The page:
Antidepressants Lessen the Efficacy of MDMA-Assisted Therapy

Study finds that 75% of patients who used antidepressants still qualified for PTSD after treatment.

Before the colloquial name Ecstasy, the man responsible for the modern research on the drug, Alexander Shulgin, wanted to name it Empathy for the feelings of social connection it instigates. The “party” drug, 3,4-Methylenedioxymethamphetamine (MDMA) has since transitioned into laboratories, as scientists test how it can be used in combination with psychotherapy to help patients who have a severe form of post-traumatic stress disorder. As the extraordinary potential of psychedelic drugs continues to emerge, there are no major “setbacks,” only the revealing of the necessary information on this path of discovery. Such is evident by the new study presented by the Multidisciplinary Association for Psychedelic Studies, or MAPS that shows that MDMA-assisted therapy was less effective for patients who had recently used selective serotonin reuptake inhibitors (SSRIs) to treat their PTSD symptoms. The data was published in the journal Psychopharmacology.

What’s the issue?

There was a clear reduction in the effectiveness of MDMA-assisted therapy for patients who had used SSRIs. Currently, FDA-approved medication for PTSD, such as sertraline (Zoloft) and paroxetine (Paxil), reduce the effects of MDMA.

Patients participating in the MDMA trial had to taper off these medications prior to receiving MDMA-assisted therapy. The researchers found that discontinuing drugs like SSRIs “reduced the positive outcomes of MDMA-assisted psychotherapy compared to participants who had not recently taken these medications.”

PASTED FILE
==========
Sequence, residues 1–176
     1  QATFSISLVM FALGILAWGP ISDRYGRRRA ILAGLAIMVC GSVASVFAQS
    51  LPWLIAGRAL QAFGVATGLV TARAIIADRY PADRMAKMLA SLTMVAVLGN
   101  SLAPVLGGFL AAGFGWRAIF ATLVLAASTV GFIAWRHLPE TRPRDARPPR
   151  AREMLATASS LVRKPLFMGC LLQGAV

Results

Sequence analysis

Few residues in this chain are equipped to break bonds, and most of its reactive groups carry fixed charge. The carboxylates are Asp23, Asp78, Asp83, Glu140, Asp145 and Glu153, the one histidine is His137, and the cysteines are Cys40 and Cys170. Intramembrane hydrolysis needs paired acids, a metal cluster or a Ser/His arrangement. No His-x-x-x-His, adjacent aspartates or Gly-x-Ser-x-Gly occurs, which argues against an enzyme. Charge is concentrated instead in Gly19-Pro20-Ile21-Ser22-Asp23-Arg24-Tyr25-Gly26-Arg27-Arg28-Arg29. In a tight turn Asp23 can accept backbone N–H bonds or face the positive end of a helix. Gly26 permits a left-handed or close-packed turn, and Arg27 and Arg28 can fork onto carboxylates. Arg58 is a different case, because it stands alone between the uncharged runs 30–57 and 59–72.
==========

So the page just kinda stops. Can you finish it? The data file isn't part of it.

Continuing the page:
After treatment, 36.4% of participants no longer met the diagnostic of PTSD, while 75% of patients who used antidepressants still qualified for PTSD. They were, conclusively, no better than before.

What do these findings mean?

There is a strong need for further research for PTSD patient care once MDMA-assisted therapy is approved for use. Based on the upcoming results of Phase 3 clinical trials, there are significant implications for potential therapeutic use, according to the study authors. For instance, giving patients a longer window to taper off certain antidepressants might improve responses to MDMA-assisted therapy.

“Given the encouraging results of early trials of MDMA-assisted therapy for PTSD, and the estimated 8 million adults in the U.S. alone who suffer from the condition, there’s likely to be extraordinary demand for the treatment once it’s approved,” Allison Feduccia, Ph.D., study co-author and co-founder of the education platform Psychedelic Support, said in a press release. “Since it is a time-and-cost-intensive treatment, patients may have a limited number of chances to utilize MDMA-assisted therapy. Our goal in sharing this new data is to give PTSD patients the best possible chance at successful treatment with this promising new breakthrough therapy.”
This study’s results are preliminary due to the small sample size, varying taper times and medications, and the varying severity of the participants’ PTSD symptoms. As more data on Phase 3 clinical trials emerge, MDMA’s interaction with the brain and as a treatment for PTSD will continue to be observed and understood—all of which is necessary for lasting, repeatable results. 

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